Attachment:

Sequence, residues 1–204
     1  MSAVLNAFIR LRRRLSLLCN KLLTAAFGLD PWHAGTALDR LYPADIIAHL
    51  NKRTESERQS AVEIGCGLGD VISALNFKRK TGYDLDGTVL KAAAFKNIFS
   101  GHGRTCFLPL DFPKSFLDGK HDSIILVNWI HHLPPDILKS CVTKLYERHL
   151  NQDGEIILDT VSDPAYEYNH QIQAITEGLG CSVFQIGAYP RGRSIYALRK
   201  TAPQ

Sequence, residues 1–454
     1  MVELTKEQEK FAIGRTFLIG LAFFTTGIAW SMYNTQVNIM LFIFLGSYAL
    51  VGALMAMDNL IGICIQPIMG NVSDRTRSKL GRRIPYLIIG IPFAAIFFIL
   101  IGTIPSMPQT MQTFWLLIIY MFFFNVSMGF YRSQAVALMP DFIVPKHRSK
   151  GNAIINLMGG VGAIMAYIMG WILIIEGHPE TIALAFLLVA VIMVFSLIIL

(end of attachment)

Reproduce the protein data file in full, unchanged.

Sequence, residues 1–204
     1  MSAVLNAFIR LRRRLSLLCN KLLTAAFGLD PWHAGTALDR LYPADIIAHL
    51  NKRTESERQS AVEIGCGLGD VISALNFKRK TGYDLDGTVL KAAAFKNIFS
   101  GHGRTCFLPL DFPKSFLDGK HDSIILVNWI HHLPPDILKS CVTKLYERHL
   151  NQDGEIILDT VSDPAYEYNH QIQAITEGLG CSVFQIGAYP RGRSIYALRK
   201  TAPQ

Sequence, residues 1–454
     1  MVELTKEQEK FAIGRTFLIG LAFFTTGIAW SMYNTQVNIM LFIFLGSYAL
    51  VGALMAMDNL IGICIQPIMG NVSDRTRSKL GRRIPYLIIG IPFAAIFFIL
   101  IGTIPSMPQT MQTFWLLIIY MFFFNVSMGF YRSQAVALMP DFIVPKHRSK
   151  GNAIINLMGG VGAIMAYIMG WILIIEGHPE TIALAFLLVA VIMVFSLIIL